• haunter: disturbing otherworldly presence;
  • uncradle: moving folded arms beneath the bosom into a more relaxed stance;
  • The historical and political themes in Wintering Out are carried, in a number of poems in Part One, by particular imagined or recalled human figures …They are complemented, in mood and meaning, by various figures in Part Two, (including) the mad girl of ‘A Winter’s Tale’ … In both parts of the book, many of the evoked figures suffer some kind of human diminishment: isolation, repression, disenchant­ment, exploitation or betrayal’ (NC30);
  • 30 lines of poetry split 16/14; 10 sentence construct; tentative, loose rhyme scheme;
  • line length 3-7 syllables;
  • the balance between enjambed lines and punctuation regulates breath groups for oral delivery; this is especially evident in the final line which contains 3 full stops;
  • tense usage: pluperfect; simple past;
  • light effects figure strongly: antithesis ‘pallor … wavered ..blood-bright’;
  • self-harm when the demented, fleeing child ignores the boundaries that cattle recognise;
  • weeping’: emotional response transferred to the wounds; ‘astray’ mentally and physically;
  • intense contrast : ‘gay babble’ of those not directly involved in psychological assessment/ emotionally; ‘dazed whimper’ of nearest and dearest;
  • metonymy: ‘family hearth and floor’ for household home;
  • eluded’ suggests both the cunning and survival instinct of ,say, a fox pursued by hounds;
  • nakedness is a feature of the disturbed girl’s behaviour: ’bare-breasted … unclasped her breasts’ (even in her mental state she seems to retain an sense of modesty, amongst people if not the cattle in the fields;
  • time-line: ‘headlights (so dark) … first light … now’;
  • state of naked body described via its ‘roundings and folds’;
  • still’ at once pause word and adverb suggesting that some pluses were derived from the misfortune;
  • like good luck’: girl accepted as a kind of household mascot rather than unwelcome ghost (‘no haunter’);
  • touching finale: reawakening; friendly nature; loss of inhibition;
  • Heaney is a meticulous craftsman using combinations of vowel and consonant to form a poem that is something to be listened to;
  • the music of the poem: fourteen assonant strands are woven into the text; Heaney places them grouped within specific areas to create internal rhymes , or reprises them at intervals or threads them through the text.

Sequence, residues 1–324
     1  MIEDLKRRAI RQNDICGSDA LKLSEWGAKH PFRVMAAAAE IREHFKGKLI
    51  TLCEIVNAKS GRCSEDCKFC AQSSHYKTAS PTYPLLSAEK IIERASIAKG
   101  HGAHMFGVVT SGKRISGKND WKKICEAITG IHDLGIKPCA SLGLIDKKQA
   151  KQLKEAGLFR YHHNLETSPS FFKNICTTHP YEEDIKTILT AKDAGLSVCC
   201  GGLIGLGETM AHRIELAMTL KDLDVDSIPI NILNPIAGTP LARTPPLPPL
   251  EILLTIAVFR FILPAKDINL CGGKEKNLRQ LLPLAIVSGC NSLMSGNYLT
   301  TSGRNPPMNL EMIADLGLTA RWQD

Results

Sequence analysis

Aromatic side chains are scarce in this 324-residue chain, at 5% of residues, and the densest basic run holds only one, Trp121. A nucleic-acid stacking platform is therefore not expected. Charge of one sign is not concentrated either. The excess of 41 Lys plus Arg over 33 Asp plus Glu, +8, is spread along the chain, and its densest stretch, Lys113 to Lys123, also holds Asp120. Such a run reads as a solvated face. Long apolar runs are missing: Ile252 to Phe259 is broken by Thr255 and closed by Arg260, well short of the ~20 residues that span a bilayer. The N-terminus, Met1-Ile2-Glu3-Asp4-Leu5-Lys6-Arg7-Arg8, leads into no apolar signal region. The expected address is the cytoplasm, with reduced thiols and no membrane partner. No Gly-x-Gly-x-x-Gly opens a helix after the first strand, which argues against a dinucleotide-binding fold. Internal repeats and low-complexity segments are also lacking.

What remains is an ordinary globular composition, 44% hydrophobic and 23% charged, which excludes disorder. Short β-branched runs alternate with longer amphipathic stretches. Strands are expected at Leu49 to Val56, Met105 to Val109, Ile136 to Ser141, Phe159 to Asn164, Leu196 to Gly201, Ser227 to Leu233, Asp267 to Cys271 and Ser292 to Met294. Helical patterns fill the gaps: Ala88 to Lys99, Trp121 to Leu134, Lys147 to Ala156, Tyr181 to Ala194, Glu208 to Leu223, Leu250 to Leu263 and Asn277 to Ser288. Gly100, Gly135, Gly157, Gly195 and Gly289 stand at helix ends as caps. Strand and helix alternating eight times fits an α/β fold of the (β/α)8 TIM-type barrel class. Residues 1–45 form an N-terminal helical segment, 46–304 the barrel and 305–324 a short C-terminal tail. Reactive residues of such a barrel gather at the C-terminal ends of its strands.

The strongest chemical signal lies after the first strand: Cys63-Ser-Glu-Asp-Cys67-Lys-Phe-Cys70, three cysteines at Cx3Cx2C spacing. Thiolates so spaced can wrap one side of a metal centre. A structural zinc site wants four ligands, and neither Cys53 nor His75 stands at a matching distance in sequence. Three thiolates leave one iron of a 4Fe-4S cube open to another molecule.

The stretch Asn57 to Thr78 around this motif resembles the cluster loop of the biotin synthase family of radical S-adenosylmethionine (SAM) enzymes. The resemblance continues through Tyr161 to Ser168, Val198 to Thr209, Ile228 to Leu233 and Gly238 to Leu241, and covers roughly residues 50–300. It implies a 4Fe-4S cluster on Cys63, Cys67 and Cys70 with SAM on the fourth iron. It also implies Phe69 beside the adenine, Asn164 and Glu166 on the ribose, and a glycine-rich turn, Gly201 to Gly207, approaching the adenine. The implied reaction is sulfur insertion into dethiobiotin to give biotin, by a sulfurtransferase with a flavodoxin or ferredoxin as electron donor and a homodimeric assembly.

• alliterative effects allow pulses or beats or soothings or hissings or frictions of consonant sound to modify the assonant melodies:
  • the first lines, for example, bring together bi-labial [w] and alveolar fricative [dʒ] as in ‘range … hedged’ alongside a cluster of alveolar plosives[t][d];
  • it is well worth teasing out the sound clusters for yourself to admire the poet’s sonic engineering:
  • Consonants (with their phonetic symbols) can be classed according to where in the mouth they occur
  • Front-of-mouth sounds voiceless bi-labial plosive [p] voiced bi-labial plosive [b]; voiceless labio-dental fricative [f] voiced labio-dental fricative [v]; bi-labial nasal [m]; bilabial continuant [w]
  • Behind-the-teeth sounds voiceless alveolar plosive [t] voiced alveolar plosive [d]; voiceless alveolar fricative as in church match [tʃ]; voiced alveolar fricative as in judge age [dʒ]; voiceless dental fricative [θ] as in thin path; voiced dental fricative as in this other [ð]; voiceless alveolar fricative [s] voiced alveolar fricative [z]; continuant [h] alveolar nasal [n] alveolar approximant [l]; alveolar trill [r]; dental ‘y’ [j] as in yet
  • Rear-of-mouth sounds voiceless velar plosive [k] voiced velar plosive [g]; voiceless post-alveolar fricative [ʃ] as in ship sure, voiced post- alveolar fricative [ʒ] as in pleasure; palatal nasal [ŋ] as in ring/ anger.

2 thoughts on “A Winter’s Tale

  1. Thank you for this thoughtful commentary. I found it by googling “roundings and folds” which I’m sitll unsure of – I suppose it refers to her flesh.